...And that something is a someone .
His name is Terrell Owens.
This is where the die-hard, rah-rah traditionalists say, "What are you talking about? The guy is a selfish player, all about himself, and the Cowboys are in first place without him."
Yes, Dallas is 8-3 and atop the NFC East, but anyone—Cowboys fan or not—that believes that Owens' departure is the explanation for their success, is either lying to themselves or doesn't follow Dallas very closely.
While WR2 Miles Austin has enjoyed a refreshing breakout season, WR1 Roy Williams (who was supposed to "replace" Owens) has been a dud, and one of the favorite whipping boys for analysts around the league. Williams makes ill-advised comments just as Owens did, but he doesn't have the statistical production to back it up. Let's go to the numbers to date:
Williams: 26 rec, 444 yards, 4 TD
Owens: 40 rec, 659 yards, 3 TD
All right, so Roy has one more TD than T.O., but T.O. has 14 more receptions and a 215-yard advantage. And here's the kicker: this is one of the worst, if not the worst season of Owens' Hall of Fame career.
In addition, Bills fans have rightfully blamed Dick Jauron and QB Trent Edwards for Owens' numerical decline, as a new head coach and quarterback have immediately returned No. 81 to form.
T.O.'s last two games with QB Ryan Fitzpatrick at the helm: 9 rec 197 yards 1 TD, and 5 rec 96 yards 1 TD. Edwards was horrific as the starter this season, struggling with a lack of arm strength and a stubbornness in regards to Owens.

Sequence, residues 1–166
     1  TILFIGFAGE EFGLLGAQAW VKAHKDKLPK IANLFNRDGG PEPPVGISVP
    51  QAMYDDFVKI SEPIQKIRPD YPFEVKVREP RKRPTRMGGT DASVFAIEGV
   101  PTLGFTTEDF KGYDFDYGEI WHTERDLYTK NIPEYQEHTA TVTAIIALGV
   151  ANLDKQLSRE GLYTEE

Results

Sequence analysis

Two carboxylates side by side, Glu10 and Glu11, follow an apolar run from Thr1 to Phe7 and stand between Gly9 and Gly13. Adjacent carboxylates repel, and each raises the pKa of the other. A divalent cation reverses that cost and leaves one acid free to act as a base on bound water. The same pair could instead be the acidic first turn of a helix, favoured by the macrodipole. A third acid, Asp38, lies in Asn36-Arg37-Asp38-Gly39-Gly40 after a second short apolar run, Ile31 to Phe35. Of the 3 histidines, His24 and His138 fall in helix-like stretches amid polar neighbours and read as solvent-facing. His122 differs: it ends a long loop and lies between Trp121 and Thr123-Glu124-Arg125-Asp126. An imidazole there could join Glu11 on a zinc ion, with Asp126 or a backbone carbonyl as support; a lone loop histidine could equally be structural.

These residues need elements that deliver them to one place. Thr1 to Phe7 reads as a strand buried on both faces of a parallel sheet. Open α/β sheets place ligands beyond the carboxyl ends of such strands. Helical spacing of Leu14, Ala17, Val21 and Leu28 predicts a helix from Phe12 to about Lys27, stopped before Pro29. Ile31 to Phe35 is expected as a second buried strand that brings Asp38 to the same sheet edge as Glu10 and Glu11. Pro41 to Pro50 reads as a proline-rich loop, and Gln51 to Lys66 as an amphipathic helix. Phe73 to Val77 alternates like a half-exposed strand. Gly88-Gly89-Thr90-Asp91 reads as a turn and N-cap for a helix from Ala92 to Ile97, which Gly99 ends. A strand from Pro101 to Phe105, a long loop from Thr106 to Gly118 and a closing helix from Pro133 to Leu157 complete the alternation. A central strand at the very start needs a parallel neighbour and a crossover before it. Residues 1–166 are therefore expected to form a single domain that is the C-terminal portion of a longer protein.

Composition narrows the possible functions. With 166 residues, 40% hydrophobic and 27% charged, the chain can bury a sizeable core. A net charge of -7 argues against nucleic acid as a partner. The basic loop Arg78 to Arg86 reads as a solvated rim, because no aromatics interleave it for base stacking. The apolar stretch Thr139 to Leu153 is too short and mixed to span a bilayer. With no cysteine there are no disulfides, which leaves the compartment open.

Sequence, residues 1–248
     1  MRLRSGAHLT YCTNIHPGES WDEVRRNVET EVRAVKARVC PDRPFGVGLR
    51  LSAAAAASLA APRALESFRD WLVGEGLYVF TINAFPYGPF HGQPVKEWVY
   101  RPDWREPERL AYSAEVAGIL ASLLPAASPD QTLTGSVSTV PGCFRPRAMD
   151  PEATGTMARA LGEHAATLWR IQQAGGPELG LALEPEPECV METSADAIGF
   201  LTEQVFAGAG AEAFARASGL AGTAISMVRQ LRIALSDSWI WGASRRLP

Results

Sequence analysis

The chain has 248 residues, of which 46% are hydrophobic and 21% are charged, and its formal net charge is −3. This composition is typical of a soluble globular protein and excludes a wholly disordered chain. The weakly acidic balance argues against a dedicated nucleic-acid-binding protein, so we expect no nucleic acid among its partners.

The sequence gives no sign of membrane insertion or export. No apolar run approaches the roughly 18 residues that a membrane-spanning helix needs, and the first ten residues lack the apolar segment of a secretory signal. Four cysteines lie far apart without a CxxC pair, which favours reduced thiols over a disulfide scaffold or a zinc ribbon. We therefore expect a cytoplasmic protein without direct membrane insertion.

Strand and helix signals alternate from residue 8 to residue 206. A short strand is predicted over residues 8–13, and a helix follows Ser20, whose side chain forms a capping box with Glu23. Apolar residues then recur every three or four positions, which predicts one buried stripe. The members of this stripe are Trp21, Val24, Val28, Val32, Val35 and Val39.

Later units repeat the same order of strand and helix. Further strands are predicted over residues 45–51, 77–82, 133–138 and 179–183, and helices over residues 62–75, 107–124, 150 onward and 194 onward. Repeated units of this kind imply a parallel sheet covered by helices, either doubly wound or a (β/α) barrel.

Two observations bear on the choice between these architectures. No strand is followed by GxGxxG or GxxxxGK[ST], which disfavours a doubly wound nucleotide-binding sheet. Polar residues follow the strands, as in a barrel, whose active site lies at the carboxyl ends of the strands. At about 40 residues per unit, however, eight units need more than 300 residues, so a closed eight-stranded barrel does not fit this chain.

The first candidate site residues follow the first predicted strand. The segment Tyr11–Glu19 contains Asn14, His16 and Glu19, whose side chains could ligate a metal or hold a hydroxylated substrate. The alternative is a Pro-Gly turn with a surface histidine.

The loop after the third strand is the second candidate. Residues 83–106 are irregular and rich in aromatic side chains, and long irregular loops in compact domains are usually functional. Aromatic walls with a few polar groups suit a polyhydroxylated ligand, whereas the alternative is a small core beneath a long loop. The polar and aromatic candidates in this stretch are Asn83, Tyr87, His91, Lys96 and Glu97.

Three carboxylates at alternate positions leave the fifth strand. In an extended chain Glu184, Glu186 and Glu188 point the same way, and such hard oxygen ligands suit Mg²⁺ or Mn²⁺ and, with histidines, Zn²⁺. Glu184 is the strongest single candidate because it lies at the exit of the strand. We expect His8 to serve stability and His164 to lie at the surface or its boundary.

When you have a receiver of that caliber at your disposal, it's OK to rely on them. If he can single-handedly win games for you, there shouldn't be an intense desire to spread the ball around to multiple targets.
Fitzpatrick, a Harvard man, understands that.
That doesn't mean that all other receivers should be ignored, only that Owens should be leaned upon and force fed if necessary.
So Owens has outproduced Roy Williams despite having to deal with Edwards' ineptitude for too long, and the fact that QB Tony Romo is about fifty times better than both of Buffalo's quarterbacks. Owens may have been an off-the-field distraction in Dallas, but on the field, he and Romo had excellent chemistry. Both put up exceptional numbers during their era as teammates.
As for the current Cowboys, sure they are 8-3, but they are lacking in offensive explosiveness. RBs Marion Barber and Felix Jones have struggled with injuries at different times during the year, TE Jason Witten has been less productive, and WR3 Patrick Crayton is here today, gone tomorrow.
For me to consider this team a serious Super Bowl contender, they would need a WR1 like, oh...Terrell Owens. I like Jerry Jones, but something tells me that this major offseason decision is going to bite him in the behind.
I expect the Cowboys to reach the postseason with relative ease, but don't expect them to get very far.
Not without a receiver like No. 81.
(John Frascella is the author of "Theo-logy: How a Boy Wonder Led the Red Sox to the Promised Land," the first and only book centered on Boston's popular GM Theo Epstein. Follow John on Twitter @RedSoxAuthor.)